KB Card Expands Presence in S.E. Asia
KB Kookmin Card will acquire a controlling stake in an Indonesian consumer finance company to expand its presence in the Southeast Asian country.
The board of KB Financial Group’s credit card affiliate approved the plan to buy an 80 percent stake in PT. Finansia Multi Finance (FMF) for $81.3 million.
Founded in 1994, the Indonesian lender specializes in auto and motorcycle loans with 255 billion won ($217 million) in total assets. KB Kookmin Card plans to complete the deal by the first quarter of next year.
In February, KB’s other affiliate, KB Capital, signed a deal with Indonesia’s Sun Motor Group to acquire an 85 percent stake in the automaker’s financing firm, Sunindo Parama Finance.
As one of South Korea’s top-tier banking groups, KB Financial has increasingly placed priority on Southeast Asia in search of a new growth engine, in tight competition with rival Shinhan Financial Group.
In July, the group’s flagship KB Kookmin Bank acquired a 22 percent stake in Indonesian retail lender Bank Bukopin, becoming its second-largest shareholder.
As the fourth most populous country in the world, supported by good political and economic stability, Indonesia’s large domestic market offers a wide range of investment opportunities for foreign and domestic investors.
With a target economic growth of more than 6% for the coming years, there is a growing emphasis for the government of Indonesia on attracting more foreign investment in order for the overall investment to reach the projected levels of 2,000 trillion Indonesian Rupiah (IDR), or approximately $222 billion, by 2014.
For the last 10 years the government of Indonesia has been actively introducing measures directed at encouraging investing in Indonesia and improving the country’s regulatory and economic environment.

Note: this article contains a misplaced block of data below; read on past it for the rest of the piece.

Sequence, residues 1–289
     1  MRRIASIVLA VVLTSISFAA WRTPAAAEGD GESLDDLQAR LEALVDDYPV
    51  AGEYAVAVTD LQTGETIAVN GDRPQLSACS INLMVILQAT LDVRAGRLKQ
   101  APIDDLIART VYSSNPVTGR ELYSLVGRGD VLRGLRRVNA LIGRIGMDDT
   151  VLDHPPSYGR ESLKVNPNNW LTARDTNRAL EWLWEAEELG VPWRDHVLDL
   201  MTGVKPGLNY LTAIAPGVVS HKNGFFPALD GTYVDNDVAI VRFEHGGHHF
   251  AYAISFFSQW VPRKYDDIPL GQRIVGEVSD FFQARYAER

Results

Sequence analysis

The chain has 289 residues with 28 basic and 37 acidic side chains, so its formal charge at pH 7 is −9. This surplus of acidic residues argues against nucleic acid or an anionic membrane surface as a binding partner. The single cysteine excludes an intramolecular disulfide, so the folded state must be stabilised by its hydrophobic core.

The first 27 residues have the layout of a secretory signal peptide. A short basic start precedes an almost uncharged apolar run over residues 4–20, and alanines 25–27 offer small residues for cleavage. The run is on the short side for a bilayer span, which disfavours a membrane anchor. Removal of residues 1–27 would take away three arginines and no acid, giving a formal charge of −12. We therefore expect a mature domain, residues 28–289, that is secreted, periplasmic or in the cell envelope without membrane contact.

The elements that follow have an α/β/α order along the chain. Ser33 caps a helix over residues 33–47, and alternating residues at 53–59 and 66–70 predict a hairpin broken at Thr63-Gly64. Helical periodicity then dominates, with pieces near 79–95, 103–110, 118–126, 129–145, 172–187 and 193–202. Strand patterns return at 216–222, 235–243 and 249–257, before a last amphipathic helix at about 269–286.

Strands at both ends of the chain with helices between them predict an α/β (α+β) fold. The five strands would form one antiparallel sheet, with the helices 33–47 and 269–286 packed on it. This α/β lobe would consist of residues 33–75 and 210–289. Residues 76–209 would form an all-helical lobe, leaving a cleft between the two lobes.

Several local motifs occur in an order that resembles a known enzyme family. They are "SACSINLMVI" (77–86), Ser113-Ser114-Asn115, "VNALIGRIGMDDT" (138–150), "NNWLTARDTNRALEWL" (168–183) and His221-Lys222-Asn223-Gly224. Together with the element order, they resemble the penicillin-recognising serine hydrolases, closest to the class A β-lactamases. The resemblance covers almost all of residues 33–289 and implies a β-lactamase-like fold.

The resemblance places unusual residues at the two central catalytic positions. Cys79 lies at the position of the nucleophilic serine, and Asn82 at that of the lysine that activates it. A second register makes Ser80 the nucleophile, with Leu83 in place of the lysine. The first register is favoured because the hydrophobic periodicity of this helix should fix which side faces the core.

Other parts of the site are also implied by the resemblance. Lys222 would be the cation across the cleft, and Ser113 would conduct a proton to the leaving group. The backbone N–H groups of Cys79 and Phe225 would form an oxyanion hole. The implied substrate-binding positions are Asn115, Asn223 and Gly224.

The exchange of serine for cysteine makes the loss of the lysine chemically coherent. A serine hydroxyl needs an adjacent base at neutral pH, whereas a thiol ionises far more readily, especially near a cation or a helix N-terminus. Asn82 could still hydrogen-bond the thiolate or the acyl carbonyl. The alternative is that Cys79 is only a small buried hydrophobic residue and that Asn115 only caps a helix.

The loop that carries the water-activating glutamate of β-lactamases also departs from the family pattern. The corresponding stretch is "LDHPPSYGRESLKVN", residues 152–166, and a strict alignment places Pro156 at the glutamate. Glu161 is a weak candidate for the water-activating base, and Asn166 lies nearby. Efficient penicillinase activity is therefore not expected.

Key measures recently introduced include amending the Investment Law in 2007 to provide more assurance on matters such as equal treatment among investors, ability to repatriate profit from Indonesia, investment incentives and protection from nationalization.
Another area of focus for the government is to improve the archipelago’s infrastructure. Through the Public Private Partnership (PPP) scheme, the government offers investment opportunities for the infrastructure projects to develop the country’s roads.Investments in mining and agriculture sections are also actively encouraged. With a population of almost 240 million of which more than 80% are Muslim, Islamic economics and banking is also a potential growing sector in Indonesia.
Currently, establishing an Indonesian limited liability company is the most common form of operating as a foreign investor in Indonesia.
Other types of presence, such as representative offices or branches, could be established, but are subject to certain limitations on commercial activities and restrictions for certain sectors.